Carey Roberts
What if uber-women ran the show?
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By Carey Roberts
February 18, 2009

Last Thursday Good Morning America host Robin Roberts ran a piece titled, Should Women be in Charge? Remarking on the Congressional hearings of three-piece-suited Wall Street bankers, Roberts offered the astute observation, "they're all men."

Wagging her editorial finger with disgust, the ABC co-host rued all the "Greed and glory and then risk and disaster on Wall Street." Roberts then asked her predominantly female audience, "Could testosterone be to blame?...Could more estrogen around have saved them and all of us from meltdown?"

Somehow I suspect Ms. Roberts didn't have Sarah Palin or Condoleezza Rice in mind when she asked this question. More likely she was thinking of "let's hear it for the power" Nancy Pelosi or "it takes a village" Hillary Clinton.

Before you begin to hyperventilate over my imminent riposte of Ms. Roberts' misandrous foray, I will reassure you that I support women in the workplace, equal pay for equal work, and all that stuff. But that's not the issue here — Roberts is making the claim to millions of Americans that women possess a superior biological make-up that entitles them to be the caretakers of our nation's financial storehouses.

I once thought biology-as-destiny arguments were passé, if not an outright tip-off of narrow-mindedness. But obviously I erred. To be fair, let's give the question a hearing, Should we hand over the reins of power to liberal women?

To be sure, women have become more influential over the past century in the political and economic spheres. Indeed in many areas, women already are in charge, especially when it comes to ballot box issues — it's no secret that politicians pay enormous attention to the predominance of females in the electorate.

So Robin Roberts' scenario is not simply hypothetical.

Pollster Kellyanne Fitzpatrick once stated flatly: "Women see government as their insurance." So no surprise, when women gained the right to vote, government spending increased exponentially. One analysis by economists John Lott and Larry Kenny, "How Dramatically did Women's Suffrage Change the Size and Scope of Government?" concluded that during the decade following the enactment of women's suffrage, state government expenditures doubled.

And where did all that extra money go? Hint: Not for highways or schools. Instead, the money was used to expand existing welfare programs and create new ones. As Harvard Law School professor Steven Stark explains, the voting gender gap "tends to be on issues involving the existence and expansion of the social-welfare state."

Stephen Baskerville of Patrick Henry College commented on this unprecedented development in his recent tour de force, "The Dangerous Rise of Sexual Politics:" http://www.profam.org/pub/fia/fia.2202.htm .

The good professor surveys the rise of federally-subsidized programs such as domestic violence initiatives, child abuse-reduction services, and efforts to crack-down on unemployed "deadbeat" dads. There is no proof these programs reach their intended goal, but one fact is clear: All have the effect of marginalizing fathers and sending off children to live in single-parent homes.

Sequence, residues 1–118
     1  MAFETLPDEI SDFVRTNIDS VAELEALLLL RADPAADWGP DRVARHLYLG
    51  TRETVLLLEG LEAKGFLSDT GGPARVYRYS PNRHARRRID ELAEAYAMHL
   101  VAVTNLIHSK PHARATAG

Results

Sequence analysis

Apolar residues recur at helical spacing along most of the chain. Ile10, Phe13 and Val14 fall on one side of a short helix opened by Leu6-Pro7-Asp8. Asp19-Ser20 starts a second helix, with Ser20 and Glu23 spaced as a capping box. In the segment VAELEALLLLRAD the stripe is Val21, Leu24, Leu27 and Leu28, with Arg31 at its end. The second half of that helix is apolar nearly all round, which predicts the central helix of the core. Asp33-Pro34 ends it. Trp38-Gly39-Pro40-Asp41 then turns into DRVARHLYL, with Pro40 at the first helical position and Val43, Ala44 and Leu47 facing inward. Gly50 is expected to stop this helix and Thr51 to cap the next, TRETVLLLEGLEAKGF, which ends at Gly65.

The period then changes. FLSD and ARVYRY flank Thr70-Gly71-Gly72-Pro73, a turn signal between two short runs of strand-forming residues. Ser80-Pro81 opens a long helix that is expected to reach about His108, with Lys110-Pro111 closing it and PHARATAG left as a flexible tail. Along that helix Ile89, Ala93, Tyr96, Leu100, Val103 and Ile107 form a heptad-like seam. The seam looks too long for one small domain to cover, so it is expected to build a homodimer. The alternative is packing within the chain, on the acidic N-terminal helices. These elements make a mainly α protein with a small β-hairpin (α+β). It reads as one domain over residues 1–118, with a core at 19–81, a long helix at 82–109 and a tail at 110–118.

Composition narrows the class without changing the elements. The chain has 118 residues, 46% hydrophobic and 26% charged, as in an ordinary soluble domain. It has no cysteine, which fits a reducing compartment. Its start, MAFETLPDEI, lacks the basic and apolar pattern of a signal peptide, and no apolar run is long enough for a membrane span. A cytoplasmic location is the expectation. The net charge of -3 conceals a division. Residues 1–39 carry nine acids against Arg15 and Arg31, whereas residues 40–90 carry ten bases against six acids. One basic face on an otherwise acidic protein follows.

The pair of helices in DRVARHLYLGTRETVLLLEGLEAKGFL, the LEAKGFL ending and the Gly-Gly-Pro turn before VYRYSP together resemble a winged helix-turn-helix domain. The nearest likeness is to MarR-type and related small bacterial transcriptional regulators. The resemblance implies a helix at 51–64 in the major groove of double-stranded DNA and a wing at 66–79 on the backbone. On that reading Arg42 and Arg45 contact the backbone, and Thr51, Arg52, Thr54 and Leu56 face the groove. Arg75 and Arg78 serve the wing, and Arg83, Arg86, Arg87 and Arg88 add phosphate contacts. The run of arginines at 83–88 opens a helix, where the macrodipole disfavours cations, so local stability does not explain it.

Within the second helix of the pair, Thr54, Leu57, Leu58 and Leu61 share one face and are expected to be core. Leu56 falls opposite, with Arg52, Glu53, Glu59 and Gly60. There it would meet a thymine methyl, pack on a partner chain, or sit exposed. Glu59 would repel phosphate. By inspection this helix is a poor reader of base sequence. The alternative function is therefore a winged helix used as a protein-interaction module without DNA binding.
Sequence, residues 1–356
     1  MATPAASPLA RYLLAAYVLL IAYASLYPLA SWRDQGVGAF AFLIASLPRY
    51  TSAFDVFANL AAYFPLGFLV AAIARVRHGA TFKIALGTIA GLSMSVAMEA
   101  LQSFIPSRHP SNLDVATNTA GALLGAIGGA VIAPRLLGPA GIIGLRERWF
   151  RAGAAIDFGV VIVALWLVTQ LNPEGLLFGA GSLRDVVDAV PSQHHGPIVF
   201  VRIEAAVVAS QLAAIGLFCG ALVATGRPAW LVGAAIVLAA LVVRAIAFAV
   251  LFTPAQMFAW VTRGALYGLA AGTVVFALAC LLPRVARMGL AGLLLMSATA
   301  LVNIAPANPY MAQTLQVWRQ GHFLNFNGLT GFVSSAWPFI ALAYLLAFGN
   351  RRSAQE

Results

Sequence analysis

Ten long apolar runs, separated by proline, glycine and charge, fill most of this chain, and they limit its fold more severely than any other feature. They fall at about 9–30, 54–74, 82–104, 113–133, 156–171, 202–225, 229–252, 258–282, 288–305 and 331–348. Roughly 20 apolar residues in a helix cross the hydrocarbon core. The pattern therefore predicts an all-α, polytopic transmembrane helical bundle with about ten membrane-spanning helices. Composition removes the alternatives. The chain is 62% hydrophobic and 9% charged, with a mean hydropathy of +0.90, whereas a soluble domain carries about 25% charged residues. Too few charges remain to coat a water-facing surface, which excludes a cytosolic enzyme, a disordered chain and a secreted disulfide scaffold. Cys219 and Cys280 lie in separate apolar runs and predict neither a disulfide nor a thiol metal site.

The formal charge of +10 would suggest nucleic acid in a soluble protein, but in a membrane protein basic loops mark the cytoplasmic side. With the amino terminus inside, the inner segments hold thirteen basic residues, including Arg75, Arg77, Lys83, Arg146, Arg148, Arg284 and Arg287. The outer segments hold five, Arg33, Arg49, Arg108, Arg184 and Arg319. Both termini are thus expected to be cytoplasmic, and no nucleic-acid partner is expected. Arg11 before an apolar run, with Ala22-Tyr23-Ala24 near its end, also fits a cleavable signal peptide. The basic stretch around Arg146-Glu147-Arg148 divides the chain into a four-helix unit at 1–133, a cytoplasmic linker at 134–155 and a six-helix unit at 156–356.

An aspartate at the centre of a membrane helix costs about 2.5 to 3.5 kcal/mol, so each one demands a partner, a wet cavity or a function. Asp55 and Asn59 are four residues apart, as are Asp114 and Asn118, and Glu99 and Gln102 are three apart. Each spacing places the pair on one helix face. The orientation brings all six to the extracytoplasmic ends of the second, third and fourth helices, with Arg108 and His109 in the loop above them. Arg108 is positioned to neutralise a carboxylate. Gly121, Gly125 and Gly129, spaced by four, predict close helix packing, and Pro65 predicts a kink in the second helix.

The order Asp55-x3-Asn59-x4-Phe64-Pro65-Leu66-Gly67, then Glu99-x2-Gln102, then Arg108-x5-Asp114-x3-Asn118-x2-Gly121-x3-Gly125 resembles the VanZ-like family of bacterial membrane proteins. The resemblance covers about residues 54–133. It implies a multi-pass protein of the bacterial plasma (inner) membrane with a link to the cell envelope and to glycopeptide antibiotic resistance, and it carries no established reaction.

Once ensconced in a female-headed household, the child is placed at far greater risk of delinquency, teenage pregnancy, and school failure. In her book Guilty, Ann Coulter rails against single-mothers-by-choice who possess a "narcissistic obsession with self-indulgence" that is "breeding a huge underclass."

The problems associated with daddy-less children demand another round of welfare programs. Each year the social pathologies wrought by single parenthood cost taxpayers $112 billion — that's billion with a B — according to an analysis by Georgia State University economist Benjamin Scafidi.

The most shocking part is this all happened by design. As feminist-Marxist Linda Gordon predicted 40 years ago, "Families will be finally destroyed only when a revolutionary social and economic organization permits people's needs for love and security to be met in ways that do not impose divisions of labor, or any external roles, at all."

Former Supreme Court nominee Robert Bork counters, "Radical feminism is the most destructive and fanatical movement to come to us from the Sixties...Totalitarian in spirit, it is deeply antagonistic to traditional Western culture and proposes the complete restructuring of society, morality, and human nature."

Echoing the same theme, Baskerville warns that allowing family dissolution to continue will lead to a "massive restructuring of the social order, demographic trends that threaten the very survival of Western civilization, and perhaps least noticed, an exponential growth in the size and power of the state — the state at its most bureaucratic and tyrannical."

And that, my friend, would be the consequence of handing over the keys to the kingdom to the radical fembots.

© Carey Roberts

 

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Carey Roberts

Carey Roberts is an analyst and commentator on political correctness. His best-known work was an exposé on Marxism and radical feminism... (more)

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